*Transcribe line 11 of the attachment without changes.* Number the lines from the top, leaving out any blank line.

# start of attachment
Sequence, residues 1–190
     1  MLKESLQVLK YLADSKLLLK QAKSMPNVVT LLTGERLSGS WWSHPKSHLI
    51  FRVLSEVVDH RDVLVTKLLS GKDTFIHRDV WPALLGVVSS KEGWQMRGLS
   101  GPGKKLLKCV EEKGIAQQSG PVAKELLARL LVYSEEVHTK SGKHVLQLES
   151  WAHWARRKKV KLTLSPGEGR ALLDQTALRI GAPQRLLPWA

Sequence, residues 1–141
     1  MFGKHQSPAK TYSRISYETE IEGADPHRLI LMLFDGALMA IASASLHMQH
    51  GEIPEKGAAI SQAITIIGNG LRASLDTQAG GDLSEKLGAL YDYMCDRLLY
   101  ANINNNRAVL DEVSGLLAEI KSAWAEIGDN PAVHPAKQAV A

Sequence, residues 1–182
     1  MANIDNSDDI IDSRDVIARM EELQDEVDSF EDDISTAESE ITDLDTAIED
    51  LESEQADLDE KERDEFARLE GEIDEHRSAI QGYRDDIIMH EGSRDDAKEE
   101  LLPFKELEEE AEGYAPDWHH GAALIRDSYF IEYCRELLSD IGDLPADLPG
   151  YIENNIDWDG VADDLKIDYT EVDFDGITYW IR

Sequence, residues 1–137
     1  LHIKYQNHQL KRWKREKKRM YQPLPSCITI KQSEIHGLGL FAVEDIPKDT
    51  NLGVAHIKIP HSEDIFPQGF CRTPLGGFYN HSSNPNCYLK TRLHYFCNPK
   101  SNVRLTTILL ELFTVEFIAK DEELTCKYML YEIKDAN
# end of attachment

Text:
     1  MANIDNSDDI IDSRDVIARM EELQDEVDSF EDDISTAESE ITDLDTAIED